As Mitt Romney rides the crest of his historic back-to-back victories in Iowa and New Hampshire into the Palmetto State, he would benefit from a surprise endorsement by a prominent Florida political figure — such as Sen. Marco Rubio, Republican strategist and political commentator Bradley A. Blakeman tells Newsmax.
“I think there’s going to be a surprise in South Carolina in the sense that I would look to Marco Rubio to endorse Romney before South Carolina for sure,” said Blakeman in an exclusive interview on Tuesday following the New Hampshire primary.
“I think if Rubio wants to be considered for vice president, then he’s got to step up to the plate now because it would also be a test of Rubio’s effectiveness in Florida,” said Blakeman, who served as a member of President George W. Bush’s senior staff.
Blakeman said that it would be a mistake for Rubio to hold off on endorsing Romney until after the South Carolina primary.
“Rubio has got to also use the time to organize his statewide organization and send the word out and get commitments that the people who support Rubio are going to support Romney,” according to Blakeman, who serves as a professor of public policy, politics and international affairs at Georgetown University and appears regularly on Fox News.
Rubio insisted as recently as Dec. 22 that he will “absolutely not” accept an offer to be part of a presidential ticket with only one year under his belt in the Senate.
Blakeman predicts that South Carolina will boil down to a three-way contest between the former Massachusetts governor, Texas Rep. Ron Paul — who finished second in New Hampshire and third in Iowa — and former Pennsylvania Sen. Rick Santorum, who came within eight votes of Romney in the Hawkeye State.
He said that South Carolina will be a “huge test” for Romney.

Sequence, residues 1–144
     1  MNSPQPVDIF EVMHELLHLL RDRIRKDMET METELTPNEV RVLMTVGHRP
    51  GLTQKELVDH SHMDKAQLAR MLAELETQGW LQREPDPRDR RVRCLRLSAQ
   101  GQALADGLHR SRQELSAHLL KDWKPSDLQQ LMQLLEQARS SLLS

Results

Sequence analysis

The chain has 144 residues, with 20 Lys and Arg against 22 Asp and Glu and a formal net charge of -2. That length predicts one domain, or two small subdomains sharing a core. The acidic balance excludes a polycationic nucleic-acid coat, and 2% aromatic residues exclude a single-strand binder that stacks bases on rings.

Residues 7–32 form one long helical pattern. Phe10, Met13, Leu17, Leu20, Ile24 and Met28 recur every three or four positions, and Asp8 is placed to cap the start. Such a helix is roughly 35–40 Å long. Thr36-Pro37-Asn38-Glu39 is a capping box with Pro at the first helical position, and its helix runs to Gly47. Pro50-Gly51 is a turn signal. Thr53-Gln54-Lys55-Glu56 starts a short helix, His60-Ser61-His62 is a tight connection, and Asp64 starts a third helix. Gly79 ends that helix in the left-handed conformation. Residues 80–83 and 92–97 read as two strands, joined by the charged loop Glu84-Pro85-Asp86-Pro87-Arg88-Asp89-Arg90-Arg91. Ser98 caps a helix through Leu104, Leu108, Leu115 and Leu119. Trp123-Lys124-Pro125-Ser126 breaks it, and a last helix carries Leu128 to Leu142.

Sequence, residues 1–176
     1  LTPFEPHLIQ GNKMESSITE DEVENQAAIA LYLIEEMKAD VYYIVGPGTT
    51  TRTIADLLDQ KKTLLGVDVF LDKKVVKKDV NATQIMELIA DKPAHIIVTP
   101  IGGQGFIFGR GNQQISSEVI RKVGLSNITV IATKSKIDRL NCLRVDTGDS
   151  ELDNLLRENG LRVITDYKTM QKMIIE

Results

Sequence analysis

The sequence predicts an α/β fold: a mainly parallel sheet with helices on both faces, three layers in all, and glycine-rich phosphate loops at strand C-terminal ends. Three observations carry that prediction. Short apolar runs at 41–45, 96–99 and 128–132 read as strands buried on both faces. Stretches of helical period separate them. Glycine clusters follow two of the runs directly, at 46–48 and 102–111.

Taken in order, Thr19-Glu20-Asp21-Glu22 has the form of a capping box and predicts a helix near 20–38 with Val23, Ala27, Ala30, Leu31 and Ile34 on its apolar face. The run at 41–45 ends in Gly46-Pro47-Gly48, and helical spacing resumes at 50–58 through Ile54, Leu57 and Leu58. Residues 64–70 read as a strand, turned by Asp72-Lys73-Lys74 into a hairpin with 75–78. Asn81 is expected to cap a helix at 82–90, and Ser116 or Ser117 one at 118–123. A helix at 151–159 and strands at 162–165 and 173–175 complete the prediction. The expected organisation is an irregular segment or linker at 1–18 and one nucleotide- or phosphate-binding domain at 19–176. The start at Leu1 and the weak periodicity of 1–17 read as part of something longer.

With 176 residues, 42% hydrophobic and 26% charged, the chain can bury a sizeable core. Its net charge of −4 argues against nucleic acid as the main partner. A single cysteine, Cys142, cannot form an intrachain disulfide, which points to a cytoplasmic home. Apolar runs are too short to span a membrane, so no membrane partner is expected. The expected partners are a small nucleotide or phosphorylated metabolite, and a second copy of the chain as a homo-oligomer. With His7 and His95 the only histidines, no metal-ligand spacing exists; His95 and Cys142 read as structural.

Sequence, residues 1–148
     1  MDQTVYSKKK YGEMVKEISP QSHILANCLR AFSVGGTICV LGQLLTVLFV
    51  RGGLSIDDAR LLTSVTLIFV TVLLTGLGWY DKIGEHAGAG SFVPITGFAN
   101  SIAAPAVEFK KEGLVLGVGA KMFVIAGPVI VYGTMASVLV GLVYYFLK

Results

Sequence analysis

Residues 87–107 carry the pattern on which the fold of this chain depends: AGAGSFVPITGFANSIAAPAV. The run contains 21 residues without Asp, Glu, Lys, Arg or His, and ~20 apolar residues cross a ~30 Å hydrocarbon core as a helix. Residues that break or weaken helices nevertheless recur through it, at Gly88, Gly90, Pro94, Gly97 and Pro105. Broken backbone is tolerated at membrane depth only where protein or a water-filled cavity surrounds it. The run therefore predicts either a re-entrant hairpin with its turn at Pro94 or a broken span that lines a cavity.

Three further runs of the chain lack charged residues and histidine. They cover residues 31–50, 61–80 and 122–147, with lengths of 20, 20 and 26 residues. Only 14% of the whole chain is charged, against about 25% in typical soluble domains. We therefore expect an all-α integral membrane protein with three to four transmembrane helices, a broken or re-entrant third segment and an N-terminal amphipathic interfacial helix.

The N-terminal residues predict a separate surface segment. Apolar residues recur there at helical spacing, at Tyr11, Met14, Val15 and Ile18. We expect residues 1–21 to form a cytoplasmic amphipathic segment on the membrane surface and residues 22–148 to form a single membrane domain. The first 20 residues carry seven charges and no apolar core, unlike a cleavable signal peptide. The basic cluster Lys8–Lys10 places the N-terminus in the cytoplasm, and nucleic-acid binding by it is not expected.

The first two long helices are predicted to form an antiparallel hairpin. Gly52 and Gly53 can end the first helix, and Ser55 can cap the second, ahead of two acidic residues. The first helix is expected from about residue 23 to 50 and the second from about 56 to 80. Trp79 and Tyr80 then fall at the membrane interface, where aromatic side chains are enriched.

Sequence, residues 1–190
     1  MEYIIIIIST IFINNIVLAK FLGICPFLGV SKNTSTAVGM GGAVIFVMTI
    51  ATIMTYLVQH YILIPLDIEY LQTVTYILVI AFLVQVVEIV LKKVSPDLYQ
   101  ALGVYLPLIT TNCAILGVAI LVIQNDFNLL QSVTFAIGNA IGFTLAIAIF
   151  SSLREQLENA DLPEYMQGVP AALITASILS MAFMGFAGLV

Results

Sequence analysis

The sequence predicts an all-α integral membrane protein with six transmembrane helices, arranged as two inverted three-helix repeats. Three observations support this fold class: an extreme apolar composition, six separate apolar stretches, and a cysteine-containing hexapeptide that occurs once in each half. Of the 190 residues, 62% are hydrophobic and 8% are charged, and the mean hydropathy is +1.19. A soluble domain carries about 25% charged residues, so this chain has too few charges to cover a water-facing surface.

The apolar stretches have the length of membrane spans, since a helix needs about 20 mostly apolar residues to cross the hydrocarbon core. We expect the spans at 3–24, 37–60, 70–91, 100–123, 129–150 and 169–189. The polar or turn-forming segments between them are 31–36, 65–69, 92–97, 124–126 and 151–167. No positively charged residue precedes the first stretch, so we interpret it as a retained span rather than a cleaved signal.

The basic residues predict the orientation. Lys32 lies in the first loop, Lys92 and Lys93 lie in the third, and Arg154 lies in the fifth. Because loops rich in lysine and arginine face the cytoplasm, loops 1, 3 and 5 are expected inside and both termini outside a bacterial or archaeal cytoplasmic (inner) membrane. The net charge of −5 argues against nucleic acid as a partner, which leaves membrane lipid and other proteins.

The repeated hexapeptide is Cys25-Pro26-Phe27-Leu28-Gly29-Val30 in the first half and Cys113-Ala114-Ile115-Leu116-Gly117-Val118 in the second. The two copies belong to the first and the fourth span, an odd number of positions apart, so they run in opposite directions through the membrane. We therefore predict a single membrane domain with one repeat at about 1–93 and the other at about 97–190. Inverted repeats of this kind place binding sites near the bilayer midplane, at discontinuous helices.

“If he has a win there I think he is going to have a great win in Florida,” predicted Blakeman. “If he comes in second, then I think Florida becomes very, very important.”
Blakeman said that South Carolina will also be a test for former House Speaker Newt Gingrich, who has had two fourth-place finishes in Iowa and New Hampshire.
“He has a chance of taking Romney down, but this is his last stand. It’s not only about defeating Romney as it is about pulling yourself up,” said Blakeman. “If you just defeat Romney and come in fourth to someone else, how does that help you? You’ve got to give people after two fourth-place showings a reason to vote for you — not against Romney.”
Blakeman gives Paul a chance in South Carolina for the enthusiasm his campaign has generated.
“People are excited about his showing. He’s never had this kind of success before,” said Blakeman. “Young people are energized and I wouldn’t discount him. He ran great interference in New Hampshire and did much better than people expected him to.”
He says Santorum could do well in South Carolina based on historical voter preferences.
“Historically, South Carolina has either validated New Hampshire or Iowa,” he said. “They’re not a state of upsets generally.”
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